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Divisionistic George Morren

Divisionistic George Morren - Lyklema Fine Art

Belgian artist George Morren (Ekeren 1868-1941 Brussels) was the son of a grain merchant and received his first painting lessons in Antwerp from Emile Claus. He fled the conformist teaching system of the Antwerp academy and continued his studies in Paris under Eugène Carrière and Alfred Roll. It was in this city that he became acquainted with neo-impressionism.

Upon returning to Belgium, George Morren primarily painted divisionist pointillist paintings. Later, he transitioned to creating more Luminist works. He exhibited with the Antwerp art groups Als Ik Kan and Association pour l'Art. After the turn of the century, Morren mainly painted interiors and portraits of young women in a style somewhat reminiscent of Pierre-Auguste Renoir, especially his early works. Later, the play of light became increasingly important.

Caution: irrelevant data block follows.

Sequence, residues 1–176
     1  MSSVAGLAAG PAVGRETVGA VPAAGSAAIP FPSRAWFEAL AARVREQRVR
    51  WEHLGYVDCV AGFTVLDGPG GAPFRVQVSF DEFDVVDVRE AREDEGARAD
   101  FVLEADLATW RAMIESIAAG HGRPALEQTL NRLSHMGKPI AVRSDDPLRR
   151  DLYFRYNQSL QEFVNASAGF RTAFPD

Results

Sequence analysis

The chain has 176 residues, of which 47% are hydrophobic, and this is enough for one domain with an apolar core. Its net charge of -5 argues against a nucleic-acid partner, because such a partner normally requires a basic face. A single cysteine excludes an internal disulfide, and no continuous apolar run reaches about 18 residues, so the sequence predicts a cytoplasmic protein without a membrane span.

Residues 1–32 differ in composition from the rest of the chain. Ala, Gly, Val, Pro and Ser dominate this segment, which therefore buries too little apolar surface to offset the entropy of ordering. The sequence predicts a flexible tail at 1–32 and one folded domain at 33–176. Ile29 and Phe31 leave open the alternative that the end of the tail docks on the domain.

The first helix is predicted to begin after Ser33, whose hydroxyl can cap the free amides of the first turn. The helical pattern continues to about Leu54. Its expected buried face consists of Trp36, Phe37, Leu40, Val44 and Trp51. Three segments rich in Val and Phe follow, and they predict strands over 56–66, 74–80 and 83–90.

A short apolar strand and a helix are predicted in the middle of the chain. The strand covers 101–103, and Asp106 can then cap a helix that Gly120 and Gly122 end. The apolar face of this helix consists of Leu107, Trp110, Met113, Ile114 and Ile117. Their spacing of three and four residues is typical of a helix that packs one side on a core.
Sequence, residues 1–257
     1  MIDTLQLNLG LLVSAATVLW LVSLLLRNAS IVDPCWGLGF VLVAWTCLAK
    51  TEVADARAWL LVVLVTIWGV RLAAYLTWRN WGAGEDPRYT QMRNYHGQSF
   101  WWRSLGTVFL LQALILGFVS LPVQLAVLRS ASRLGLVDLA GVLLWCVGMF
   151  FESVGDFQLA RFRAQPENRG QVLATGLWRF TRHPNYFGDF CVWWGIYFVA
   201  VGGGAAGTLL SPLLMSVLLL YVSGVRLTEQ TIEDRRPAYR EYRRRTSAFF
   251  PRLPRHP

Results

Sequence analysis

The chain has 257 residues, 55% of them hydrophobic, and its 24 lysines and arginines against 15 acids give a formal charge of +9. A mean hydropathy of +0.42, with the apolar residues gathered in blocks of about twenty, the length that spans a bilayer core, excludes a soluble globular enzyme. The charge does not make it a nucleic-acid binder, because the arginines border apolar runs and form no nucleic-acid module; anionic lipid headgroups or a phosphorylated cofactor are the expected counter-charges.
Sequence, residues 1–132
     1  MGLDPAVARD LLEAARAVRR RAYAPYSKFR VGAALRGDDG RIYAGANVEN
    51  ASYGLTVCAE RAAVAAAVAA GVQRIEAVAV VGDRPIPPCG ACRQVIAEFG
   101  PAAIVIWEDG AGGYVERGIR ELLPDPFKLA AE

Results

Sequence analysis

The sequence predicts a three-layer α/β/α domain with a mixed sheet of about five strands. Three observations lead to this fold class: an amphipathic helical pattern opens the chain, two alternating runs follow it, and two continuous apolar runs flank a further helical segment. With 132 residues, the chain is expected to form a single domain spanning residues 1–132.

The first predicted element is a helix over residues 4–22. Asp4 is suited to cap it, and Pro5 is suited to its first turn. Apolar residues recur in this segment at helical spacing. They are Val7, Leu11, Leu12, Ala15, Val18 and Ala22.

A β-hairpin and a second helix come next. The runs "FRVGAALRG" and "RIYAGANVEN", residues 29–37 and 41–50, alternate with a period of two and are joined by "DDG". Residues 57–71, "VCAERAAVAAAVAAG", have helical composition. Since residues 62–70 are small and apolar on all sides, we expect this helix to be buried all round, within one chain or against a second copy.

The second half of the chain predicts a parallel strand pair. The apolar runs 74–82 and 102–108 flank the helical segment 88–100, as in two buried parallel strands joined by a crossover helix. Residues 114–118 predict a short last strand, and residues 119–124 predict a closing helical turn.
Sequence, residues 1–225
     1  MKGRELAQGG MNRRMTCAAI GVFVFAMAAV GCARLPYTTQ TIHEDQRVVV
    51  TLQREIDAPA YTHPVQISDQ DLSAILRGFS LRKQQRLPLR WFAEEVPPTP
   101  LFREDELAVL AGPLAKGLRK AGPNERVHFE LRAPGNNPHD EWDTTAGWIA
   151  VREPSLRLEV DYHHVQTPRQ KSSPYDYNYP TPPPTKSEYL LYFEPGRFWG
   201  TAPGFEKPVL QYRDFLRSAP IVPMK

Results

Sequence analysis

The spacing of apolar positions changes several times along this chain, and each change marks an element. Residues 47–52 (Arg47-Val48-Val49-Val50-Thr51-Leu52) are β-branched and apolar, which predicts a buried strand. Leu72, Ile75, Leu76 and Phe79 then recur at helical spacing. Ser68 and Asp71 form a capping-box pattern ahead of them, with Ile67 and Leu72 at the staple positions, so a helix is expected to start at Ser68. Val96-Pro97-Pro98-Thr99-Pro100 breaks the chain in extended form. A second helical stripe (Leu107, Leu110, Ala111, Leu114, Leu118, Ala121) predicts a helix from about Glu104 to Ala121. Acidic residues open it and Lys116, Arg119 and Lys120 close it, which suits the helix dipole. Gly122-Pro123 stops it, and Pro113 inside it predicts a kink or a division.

In 1904, George Morren, along with James Ensor and Georges Lemmen among others, founded the group Vie et Lumière. He served as secretary of this artists' association. Morren lived in St. Germain-en-Laye in France for about twenty years. Towards the end of the 1920s, he returned to Belgium and settled in Brussels.

George Morren also created sculptures and applied art. His designs in the field of applied art were part of various Italian exhibitions at the beginning of the twentieth century.

At the time of his death, he was preparing for a retrospective exhibition at the Palace of Fine Arts in Brussels, which opened in April 1942, a year after his death.

A L'harmonie 1891
Le Renouveau - 1892
De Opschik 1903 KMSK
Twee meisjes 1907 KMSK
1930 KMSKA
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